Skip to main content
U.S. flag

An official website of the United States government

Official websites use .gov
A .gov website belongs to an official government organization in the United States.

Secure .gov websites use HTTPS
A lock ( ) or https:// means you’ve safely connected to the .gov website. Share sensitive information only on official, secure websites.

Facilitating Industry By Engineering, Roadmapping and Science (FIBERS) to Advance U.S.

Goal: Launch an industry-led polymer composites consortium and develop a technology roadmap that identifies shared technical obstacles and defines pathways toward manufacturing advances that will enable scale-up of cost-effective, high-volume production processes.

Lead: University of Massachusetts Lowell
600 Suffolk St.
Lowell, MA 01854

Award Number: 70NANB14H057

Federal Funding: $496,439

Project Duration: 18 months

With commitments from 44 companies, five universities, and eight other organizations, the University of Massachusetts Lowell will launch the Facilitating Industry by Engineering, Roadmapping and Science (FIBERS) Consortium. Immediate goals of the FIBERS Consortium are to develop a detailed technology roadmap for polymer composites manufacturing; establish a deep shared understanding of critical manufacturing challenges; and initiate sustained efforts to tackle these challenges. Ultimate goals are for current and prospective consortium members to work collaboratively to improve the functionality and reliability of composites, introduce automation to enable high-volume production, and reduce the overall cost of the materials.

Now a $20 billion global industry, composites manufacturing is forecast to grow at rates that outpace growth in the global domestic product over the next decade. Advantages of the materials include weight and energy savings, lower maintenance costs, and greater design flexibility. Unfortunately, these advantages often are overshadowed by the high cost of the materials (due largely to manufacturing limitations) and manufacturing cycle time and yield. Processes are difficult to scale up and usually are implemented through trial-and-error approaches. While U.S. universities and government laboratories conduct basic research on composite materials, far less effort is devoted to capitalizing on this work and translating it into commercial production technologies. Nations with industries that succeed in increasing the scale and improving the repeatability of manufacturing processes, thereby reducing costs and improving material reliability, will be best positioned in a promising global market.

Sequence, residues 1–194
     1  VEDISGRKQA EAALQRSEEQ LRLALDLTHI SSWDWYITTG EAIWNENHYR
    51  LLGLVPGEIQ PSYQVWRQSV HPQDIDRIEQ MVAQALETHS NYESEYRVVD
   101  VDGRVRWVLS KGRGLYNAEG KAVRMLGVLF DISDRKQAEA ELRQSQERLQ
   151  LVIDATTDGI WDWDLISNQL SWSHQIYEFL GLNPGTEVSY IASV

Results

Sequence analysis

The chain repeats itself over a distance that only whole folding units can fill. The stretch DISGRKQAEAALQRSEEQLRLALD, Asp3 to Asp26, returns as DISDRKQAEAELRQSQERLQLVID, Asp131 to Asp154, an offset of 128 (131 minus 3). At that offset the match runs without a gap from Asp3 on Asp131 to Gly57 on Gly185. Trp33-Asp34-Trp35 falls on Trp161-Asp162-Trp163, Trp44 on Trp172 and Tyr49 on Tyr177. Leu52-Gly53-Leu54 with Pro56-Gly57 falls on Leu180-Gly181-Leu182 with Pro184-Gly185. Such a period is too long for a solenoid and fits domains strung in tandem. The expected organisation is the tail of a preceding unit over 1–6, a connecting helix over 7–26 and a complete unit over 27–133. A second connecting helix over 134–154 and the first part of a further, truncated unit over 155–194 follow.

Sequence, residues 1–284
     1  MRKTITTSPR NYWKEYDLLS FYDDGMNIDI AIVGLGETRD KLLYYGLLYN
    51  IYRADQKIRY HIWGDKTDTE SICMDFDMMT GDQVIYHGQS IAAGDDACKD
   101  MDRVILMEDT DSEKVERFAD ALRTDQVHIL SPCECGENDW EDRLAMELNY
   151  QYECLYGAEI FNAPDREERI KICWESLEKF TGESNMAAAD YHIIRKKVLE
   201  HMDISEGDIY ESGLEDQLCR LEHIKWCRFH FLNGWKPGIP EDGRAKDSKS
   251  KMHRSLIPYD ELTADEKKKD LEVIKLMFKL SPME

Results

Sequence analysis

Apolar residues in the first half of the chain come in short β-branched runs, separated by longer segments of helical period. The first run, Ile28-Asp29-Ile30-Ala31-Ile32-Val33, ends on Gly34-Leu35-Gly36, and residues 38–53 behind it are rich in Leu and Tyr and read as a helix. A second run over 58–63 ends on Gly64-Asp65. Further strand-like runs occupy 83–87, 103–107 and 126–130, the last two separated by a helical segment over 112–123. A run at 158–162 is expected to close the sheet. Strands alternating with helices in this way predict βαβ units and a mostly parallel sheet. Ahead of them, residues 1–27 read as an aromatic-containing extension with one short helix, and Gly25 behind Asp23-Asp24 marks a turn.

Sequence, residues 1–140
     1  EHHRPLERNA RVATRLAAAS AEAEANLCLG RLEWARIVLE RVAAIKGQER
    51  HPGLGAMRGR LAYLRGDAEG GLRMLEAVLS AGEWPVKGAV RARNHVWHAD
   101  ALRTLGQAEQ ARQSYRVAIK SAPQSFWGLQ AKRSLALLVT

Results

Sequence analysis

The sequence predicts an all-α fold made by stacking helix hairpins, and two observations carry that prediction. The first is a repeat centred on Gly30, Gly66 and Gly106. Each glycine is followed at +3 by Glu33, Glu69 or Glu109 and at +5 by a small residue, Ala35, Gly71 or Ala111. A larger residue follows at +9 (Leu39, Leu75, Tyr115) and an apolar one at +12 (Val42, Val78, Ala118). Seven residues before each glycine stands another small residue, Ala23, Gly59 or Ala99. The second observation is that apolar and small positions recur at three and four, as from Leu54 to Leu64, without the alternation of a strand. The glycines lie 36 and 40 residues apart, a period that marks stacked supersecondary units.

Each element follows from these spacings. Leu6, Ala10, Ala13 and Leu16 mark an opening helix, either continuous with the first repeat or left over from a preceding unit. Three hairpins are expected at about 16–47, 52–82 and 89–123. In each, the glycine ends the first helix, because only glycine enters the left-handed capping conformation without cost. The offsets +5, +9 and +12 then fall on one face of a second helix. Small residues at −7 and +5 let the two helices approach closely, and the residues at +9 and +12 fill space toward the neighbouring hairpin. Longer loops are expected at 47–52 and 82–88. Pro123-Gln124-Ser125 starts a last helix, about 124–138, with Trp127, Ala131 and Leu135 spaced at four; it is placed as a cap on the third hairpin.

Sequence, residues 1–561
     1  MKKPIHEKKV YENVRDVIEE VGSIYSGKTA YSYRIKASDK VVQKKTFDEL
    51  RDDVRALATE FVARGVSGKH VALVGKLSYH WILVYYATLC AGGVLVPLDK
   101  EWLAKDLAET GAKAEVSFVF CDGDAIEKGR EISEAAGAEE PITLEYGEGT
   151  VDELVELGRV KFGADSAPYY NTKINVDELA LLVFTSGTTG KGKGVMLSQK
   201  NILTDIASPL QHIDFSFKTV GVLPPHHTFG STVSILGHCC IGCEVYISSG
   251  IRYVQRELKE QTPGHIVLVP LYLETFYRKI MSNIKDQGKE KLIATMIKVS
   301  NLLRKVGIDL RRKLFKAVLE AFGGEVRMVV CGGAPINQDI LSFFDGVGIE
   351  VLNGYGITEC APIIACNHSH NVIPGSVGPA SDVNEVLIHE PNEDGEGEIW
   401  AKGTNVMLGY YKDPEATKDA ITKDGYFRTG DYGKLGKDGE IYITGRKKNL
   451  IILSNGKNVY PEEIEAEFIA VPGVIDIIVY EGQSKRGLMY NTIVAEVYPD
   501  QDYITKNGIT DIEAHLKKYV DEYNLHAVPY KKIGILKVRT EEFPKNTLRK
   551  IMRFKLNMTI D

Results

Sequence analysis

For project information: Christine Gillette, (978) 934-3224, christine_gillette [at] (christine_gillette[at]uml[dot]edu)

Funded Participants:

  • Delaware Manufacturing Extension Partnership (MEP) (Dover, DE)
  • Eastern New York MEP (Albany, NY)
  • Iowa MEP (Ames, Iowa)Iowa State University (Ames, IA)
  • Massachusetts MEP (Woburn, MA)
  • Mentis Sciences, Inc. (Manchester, NH)
  • New Hampshire MEP (Concord, NH)
  • Oak Ridge National Laboratory (Oak Ridge, TN)
  • Rensselaer Polytechnic Institute (Troy, NY)
  • University of New Hampshire (Durham, NH)
  • University of Delaware (Newark, DE)
  • U.S. Army Benet Laboratories (Watervliet, NY)

AMTech Project Manager: Jean-Louis Staudenmann, (301) 975-4866, jean-louis.staudenmann [at] (jean-louis[dot]staudenmann[at]nist[dot]gov)

Created May 6, 2014, Updated April 10, 2019